The low should be out of here by next Monday morning, but another clipper looks to move in Tuesday night and could bring a little more snowfall by Wednesday morning. 

Average First Dates

Despite the bitter cold wind chills that will arrive for the start of the weekend, there is a bit of light at the end of the tunnel. Next week temperatures begin to rise as our jet stream winds lift northward allowing warmer air to filter in. But when we look at our 'average first dates' in terms of those bigger temperature milestones...well...we aren't too far away.

On average, the first 50° gets here by February 9th, which was just a couple of days ago. Unfortunately, we won't be seeing warmth like that in the next week. The earliest we've seen a 50°day was back in 2005 on January 2nd. The longest we've had to wait? All the way to March 31st, but this was in 1912.

The next bigger milestone, 60°, gets here normally in March. The 10th to be exact. The earliest recorded 60° was also in January, the 4th in 2007.

And one of my personal favorite temperatures, 70°. We normally see this April first, though in 2000 we got lucky and saw this arrive February 25th. 


Maybe if we all think warmer thoughts we'll get to 70° a little sooner?

Wednesday, February 10, 2016

Reminder: Storm Spotter Training Classes to Start Soon

With temperatures in the teens, it's hard to switch our mind to severe weather season.  But it will be here before we know it.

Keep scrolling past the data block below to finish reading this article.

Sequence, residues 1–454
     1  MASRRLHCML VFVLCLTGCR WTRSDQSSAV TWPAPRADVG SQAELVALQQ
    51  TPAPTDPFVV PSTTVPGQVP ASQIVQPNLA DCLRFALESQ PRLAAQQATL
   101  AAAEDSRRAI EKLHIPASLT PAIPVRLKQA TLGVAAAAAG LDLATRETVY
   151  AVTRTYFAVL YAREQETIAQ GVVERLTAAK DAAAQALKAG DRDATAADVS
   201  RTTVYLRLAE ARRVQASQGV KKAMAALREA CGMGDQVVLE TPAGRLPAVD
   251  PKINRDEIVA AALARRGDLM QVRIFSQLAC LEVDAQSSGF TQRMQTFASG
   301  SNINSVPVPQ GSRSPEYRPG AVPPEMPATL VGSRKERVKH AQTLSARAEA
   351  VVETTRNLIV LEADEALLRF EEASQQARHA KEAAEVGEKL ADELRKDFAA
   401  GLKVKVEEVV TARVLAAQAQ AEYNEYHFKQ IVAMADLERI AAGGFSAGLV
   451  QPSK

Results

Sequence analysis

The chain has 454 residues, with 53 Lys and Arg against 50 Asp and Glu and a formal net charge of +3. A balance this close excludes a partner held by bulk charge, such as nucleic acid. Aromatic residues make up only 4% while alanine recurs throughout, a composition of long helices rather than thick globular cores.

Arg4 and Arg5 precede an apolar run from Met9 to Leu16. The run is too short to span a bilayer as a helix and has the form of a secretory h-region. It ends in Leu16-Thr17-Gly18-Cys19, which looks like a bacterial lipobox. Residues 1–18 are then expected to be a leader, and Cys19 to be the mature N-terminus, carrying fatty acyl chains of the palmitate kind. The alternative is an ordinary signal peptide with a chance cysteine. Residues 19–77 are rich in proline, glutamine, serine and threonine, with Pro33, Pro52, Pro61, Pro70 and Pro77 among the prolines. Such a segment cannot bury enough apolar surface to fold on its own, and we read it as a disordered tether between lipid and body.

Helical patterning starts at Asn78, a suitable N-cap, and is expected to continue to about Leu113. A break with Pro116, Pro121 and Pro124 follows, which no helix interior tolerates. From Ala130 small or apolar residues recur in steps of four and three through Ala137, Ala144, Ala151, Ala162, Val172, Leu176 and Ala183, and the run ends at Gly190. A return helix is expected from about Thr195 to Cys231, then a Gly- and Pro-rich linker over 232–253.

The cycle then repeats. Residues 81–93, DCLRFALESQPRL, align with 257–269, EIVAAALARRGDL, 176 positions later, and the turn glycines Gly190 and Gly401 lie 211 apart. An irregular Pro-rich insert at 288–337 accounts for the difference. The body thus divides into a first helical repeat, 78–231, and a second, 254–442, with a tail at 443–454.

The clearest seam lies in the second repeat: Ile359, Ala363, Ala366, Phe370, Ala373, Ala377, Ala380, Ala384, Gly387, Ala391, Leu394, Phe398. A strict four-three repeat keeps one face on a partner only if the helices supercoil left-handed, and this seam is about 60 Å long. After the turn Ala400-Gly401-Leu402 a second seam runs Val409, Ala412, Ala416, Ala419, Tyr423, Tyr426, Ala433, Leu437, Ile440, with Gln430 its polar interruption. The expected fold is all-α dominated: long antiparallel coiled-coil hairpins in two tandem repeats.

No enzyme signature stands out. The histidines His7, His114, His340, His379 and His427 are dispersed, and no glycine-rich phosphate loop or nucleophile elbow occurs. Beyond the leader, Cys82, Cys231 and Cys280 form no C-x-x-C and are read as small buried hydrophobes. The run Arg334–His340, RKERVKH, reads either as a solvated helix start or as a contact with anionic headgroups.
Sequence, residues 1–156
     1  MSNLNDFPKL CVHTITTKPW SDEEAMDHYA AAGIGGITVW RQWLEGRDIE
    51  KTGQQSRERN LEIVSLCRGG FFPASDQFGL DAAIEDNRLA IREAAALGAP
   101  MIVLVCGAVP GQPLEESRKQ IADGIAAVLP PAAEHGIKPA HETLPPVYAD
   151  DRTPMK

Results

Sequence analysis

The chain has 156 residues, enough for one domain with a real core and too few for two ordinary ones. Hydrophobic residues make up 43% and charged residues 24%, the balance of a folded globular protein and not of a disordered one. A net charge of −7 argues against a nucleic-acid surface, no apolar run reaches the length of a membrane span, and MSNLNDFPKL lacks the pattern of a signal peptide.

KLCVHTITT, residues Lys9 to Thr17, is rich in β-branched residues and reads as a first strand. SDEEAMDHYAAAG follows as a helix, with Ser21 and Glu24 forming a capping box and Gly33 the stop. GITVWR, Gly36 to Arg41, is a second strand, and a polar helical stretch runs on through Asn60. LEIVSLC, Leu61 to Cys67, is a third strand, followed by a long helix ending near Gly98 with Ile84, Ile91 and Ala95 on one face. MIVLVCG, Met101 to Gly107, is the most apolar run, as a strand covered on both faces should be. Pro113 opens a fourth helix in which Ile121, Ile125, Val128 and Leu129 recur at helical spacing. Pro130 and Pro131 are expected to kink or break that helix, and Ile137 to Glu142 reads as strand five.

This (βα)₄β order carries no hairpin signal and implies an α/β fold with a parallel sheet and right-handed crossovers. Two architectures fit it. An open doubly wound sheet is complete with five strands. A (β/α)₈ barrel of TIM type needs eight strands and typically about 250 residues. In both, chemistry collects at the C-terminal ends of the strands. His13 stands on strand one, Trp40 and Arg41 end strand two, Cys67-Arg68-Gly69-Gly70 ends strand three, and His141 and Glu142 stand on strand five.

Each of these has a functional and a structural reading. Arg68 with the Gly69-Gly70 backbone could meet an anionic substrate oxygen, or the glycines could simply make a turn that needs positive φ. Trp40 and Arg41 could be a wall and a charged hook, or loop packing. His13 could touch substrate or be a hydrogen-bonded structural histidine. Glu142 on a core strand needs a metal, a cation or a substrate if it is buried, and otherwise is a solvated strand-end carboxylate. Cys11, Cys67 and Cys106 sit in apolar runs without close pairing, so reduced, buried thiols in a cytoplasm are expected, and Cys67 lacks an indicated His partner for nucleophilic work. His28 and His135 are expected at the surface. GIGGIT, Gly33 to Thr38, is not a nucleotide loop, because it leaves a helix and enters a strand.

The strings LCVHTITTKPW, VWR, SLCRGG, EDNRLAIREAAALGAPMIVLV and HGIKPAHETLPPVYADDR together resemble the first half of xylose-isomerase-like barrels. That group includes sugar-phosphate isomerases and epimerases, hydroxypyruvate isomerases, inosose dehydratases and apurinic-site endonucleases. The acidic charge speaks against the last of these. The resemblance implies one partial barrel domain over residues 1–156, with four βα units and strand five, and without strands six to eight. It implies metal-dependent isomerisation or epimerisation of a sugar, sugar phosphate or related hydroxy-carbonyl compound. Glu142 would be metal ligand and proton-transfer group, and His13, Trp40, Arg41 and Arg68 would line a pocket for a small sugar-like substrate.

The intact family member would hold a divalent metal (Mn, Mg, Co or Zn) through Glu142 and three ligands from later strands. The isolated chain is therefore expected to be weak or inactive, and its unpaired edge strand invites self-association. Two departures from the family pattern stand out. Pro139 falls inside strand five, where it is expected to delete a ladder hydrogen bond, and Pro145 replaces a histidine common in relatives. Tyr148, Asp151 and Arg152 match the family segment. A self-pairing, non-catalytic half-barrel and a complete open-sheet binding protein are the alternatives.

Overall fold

If you're interested in learning more about how to become a trained National Weather Service storm spotter, classes are just right around the corner.

The first class for Northern Illinois kicks of Thursday, February 11th, at the DeKalb Police Department in DeKalb County.  This one you do have to RSVP for.  When thinking about attending a storm spotting class, you want to try to attend one that's either taking place in your county or is closest to you.

The next spotter class following Thursday is March 1st in Winnebago County.  For a complete list of classes in all surrounding counties, click on the following links below:

Counties: Winnebago, Boone, McHenry, Ogle, Lee & DeKalb
http://www.weather.gov/lot/spotter_talk

Counties: Stephenson, Jo Daviess, Carroll & Whiteside
http://www.weather.gov/dvn/spotters#schedule

Counties: Green, Rock & Walworth (Southern Wisconsin)
http://www.weather.gov/mkx/spotter-schedule

Bitter Cold Wind Chills to Kick Off the Weekend

A weak area of low pressure will move to the southwest of Rockford late Thursday night and early Friday morning, bringing a few light snow showers over Iowa and West-Central Illinois.  Some of those light snow flurries could reach as far north as Northern Illinois early Friday morning, but the afternoon will be dry.

Following the low, a very cold air mass will slide in from the North on the heels of a strong Arctic high pressure system.  Winds will increase through the afternoon and evening Friday and stay gusty into the first half of Saturday.

The cold will push overnight lows Friday close to, if not below, zero degrees.  Wind chills, however, could fall as low as -25 degrees!  That would be nearing Wind Chill Advisory criteria.  We'll see sun Saturday, but clouds will increase ahead of light snow that's expected to fall Sunday.  You can read more on that in the post below.